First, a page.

“For example, in Mooretown there is aqua fitness class that we go to them and see them after their fitness class so that they’re already in a group, they’re already in one place. So we set up shop there and do our thing. Another reason why they may want to attend a wellness clinic, is because they may have some restrictions as far as like mobility or that kind of thing, you know social isolation, that kind of stuff.”
The paramedic performs a health check on a senior at this community Wellness Clinic by checking her vital signs, and engages in a discussion with the senior while consulting on her health and wellness questions.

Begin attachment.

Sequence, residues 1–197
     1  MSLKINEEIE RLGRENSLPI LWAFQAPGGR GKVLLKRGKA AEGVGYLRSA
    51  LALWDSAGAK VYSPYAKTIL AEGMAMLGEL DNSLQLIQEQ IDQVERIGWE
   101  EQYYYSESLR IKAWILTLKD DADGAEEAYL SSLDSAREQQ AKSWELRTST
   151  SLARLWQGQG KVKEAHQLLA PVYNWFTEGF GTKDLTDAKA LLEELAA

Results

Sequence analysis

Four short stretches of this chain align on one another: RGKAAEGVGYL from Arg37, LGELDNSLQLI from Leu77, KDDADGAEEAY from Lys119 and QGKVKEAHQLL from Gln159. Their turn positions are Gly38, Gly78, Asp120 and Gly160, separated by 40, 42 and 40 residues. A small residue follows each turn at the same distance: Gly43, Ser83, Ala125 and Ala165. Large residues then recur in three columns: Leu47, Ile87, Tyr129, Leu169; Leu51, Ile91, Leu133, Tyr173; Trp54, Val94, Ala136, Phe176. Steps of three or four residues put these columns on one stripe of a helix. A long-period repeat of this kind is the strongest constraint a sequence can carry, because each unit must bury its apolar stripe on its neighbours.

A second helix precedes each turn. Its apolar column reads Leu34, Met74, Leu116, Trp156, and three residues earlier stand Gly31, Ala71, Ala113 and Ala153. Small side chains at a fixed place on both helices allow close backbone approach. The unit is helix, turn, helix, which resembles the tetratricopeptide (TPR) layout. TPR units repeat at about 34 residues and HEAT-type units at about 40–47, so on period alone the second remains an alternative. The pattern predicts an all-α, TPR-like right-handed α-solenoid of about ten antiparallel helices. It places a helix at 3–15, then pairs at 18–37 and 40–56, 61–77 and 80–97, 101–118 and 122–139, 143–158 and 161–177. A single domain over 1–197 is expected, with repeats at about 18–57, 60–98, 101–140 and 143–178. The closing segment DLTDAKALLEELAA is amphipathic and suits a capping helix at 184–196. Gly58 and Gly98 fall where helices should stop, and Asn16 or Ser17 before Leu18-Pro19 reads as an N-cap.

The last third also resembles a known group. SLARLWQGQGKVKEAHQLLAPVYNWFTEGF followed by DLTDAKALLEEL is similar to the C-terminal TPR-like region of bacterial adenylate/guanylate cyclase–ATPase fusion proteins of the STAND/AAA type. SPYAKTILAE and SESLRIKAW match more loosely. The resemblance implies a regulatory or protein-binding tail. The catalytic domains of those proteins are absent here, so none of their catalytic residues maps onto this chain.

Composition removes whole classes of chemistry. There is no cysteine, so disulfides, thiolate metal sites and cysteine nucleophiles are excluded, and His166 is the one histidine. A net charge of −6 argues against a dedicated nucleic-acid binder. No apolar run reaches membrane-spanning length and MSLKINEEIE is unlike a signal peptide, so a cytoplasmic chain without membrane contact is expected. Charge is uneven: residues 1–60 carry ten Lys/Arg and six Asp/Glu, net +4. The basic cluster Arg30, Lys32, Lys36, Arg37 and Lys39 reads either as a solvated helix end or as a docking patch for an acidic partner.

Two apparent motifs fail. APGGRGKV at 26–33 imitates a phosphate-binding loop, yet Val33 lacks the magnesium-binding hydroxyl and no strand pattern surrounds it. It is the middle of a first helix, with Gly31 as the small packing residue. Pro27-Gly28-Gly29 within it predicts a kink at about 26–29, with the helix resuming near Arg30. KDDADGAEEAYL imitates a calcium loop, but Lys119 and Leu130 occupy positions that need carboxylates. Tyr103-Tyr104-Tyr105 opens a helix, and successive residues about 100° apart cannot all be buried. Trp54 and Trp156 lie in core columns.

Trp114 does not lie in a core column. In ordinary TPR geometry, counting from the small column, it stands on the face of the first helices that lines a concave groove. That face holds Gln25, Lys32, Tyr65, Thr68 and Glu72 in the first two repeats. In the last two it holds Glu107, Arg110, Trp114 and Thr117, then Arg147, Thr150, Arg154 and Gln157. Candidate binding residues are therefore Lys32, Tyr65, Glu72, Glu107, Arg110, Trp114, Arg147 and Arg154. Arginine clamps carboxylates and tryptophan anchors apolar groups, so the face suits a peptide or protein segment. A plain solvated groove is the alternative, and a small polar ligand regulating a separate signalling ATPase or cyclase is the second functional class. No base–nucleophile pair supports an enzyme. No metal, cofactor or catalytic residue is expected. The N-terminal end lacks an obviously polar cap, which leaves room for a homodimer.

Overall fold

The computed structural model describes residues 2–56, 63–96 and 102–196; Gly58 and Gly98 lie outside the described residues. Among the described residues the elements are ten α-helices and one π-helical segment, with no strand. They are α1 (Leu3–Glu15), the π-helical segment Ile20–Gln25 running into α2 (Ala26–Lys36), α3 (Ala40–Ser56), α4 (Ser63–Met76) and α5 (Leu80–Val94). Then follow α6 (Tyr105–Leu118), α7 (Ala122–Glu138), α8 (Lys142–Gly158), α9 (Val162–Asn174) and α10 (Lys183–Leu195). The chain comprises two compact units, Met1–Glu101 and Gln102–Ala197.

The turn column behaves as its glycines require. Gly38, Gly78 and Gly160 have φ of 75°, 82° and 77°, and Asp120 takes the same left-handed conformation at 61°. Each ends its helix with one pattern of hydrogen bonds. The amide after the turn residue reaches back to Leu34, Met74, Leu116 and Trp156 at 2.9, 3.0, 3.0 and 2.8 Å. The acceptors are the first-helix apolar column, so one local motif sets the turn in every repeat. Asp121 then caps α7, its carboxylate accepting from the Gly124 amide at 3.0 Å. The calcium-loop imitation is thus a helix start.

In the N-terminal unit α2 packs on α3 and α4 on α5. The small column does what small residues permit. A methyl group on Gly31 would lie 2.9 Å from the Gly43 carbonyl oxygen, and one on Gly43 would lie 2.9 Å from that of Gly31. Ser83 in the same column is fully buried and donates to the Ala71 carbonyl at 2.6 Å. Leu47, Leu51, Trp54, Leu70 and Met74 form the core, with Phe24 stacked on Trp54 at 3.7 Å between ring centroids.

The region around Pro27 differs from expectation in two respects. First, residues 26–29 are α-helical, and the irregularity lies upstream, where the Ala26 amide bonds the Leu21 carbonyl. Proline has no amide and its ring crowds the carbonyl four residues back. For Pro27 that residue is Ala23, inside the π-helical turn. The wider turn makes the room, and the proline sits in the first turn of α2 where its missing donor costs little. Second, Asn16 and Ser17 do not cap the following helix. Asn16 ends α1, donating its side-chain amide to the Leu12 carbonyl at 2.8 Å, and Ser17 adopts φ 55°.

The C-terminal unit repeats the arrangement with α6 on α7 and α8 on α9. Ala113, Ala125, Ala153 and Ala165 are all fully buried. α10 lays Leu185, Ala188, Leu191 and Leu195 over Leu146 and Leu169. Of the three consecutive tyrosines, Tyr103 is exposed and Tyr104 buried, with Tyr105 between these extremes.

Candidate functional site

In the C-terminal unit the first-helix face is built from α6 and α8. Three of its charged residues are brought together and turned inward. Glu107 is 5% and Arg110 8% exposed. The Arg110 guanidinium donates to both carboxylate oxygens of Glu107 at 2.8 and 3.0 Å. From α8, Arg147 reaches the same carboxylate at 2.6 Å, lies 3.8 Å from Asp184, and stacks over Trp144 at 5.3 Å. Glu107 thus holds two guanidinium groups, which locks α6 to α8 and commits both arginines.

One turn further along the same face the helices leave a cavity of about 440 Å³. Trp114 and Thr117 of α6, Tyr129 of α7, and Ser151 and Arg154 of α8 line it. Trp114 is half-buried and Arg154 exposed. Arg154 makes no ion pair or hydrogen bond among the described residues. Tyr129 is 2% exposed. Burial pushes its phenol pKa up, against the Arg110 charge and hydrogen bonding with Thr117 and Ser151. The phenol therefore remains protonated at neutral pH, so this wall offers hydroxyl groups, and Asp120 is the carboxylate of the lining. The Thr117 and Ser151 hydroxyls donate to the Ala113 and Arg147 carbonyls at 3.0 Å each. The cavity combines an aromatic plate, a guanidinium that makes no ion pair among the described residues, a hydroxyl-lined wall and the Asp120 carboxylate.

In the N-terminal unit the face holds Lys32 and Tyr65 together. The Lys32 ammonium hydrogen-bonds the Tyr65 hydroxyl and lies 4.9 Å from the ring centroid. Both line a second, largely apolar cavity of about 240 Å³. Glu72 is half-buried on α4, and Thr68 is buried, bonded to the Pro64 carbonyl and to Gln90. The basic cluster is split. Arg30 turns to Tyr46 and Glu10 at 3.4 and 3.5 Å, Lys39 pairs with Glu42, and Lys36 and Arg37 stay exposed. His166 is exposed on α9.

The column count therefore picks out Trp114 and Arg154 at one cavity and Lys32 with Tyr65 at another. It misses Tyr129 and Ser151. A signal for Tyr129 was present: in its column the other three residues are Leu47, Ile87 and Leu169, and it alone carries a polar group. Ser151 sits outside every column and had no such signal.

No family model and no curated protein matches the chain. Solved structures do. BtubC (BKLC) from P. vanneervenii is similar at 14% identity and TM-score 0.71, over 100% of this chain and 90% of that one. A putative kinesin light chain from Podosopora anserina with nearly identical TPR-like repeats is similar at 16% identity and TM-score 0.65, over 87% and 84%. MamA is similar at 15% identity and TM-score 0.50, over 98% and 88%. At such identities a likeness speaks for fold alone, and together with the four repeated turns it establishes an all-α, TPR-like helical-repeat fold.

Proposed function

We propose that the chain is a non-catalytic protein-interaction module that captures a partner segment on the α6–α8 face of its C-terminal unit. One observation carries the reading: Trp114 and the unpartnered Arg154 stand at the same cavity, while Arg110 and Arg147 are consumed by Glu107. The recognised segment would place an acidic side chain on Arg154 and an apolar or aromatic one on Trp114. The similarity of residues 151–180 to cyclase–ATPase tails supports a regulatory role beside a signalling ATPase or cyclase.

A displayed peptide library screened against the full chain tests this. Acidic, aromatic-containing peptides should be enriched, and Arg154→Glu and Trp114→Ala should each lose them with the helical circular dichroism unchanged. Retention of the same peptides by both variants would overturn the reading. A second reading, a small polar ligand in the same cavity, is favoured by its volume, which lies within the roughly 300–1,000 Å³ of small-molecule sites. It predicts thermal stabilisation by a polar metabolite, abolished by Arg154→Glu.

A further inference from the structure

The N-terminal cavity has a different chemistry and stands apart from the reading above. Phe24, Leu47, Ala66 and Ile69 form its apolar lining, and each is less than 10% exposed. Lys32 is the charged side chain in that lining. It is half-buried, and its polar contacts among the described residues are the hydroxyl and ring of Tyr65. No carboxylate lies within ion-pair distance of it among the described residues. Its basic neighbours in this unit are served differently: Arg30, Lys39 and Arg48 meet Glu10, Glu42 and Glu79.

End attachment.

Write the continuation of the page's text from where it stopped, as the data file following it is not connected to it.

“Where we can go to them as opposed to them having to try figure out a way to get to their healthcare provider. You know anxiety is a huge issue surrounding health, so when your health isn’t the best or if you have things that you’re worried about it can play largely in your mind. So I think just having us there, them knowing that they can come and see us and talk to us is definitely making a big difference in their lives. With this grant, we’re able to expand and go into the smaller communities, where we can see several people in one location and I think it you know contributes to the Community that Cares framework with the idea that we’re showing the members of the community that we are there. We care about them and we want to see other people in the community doing the same.”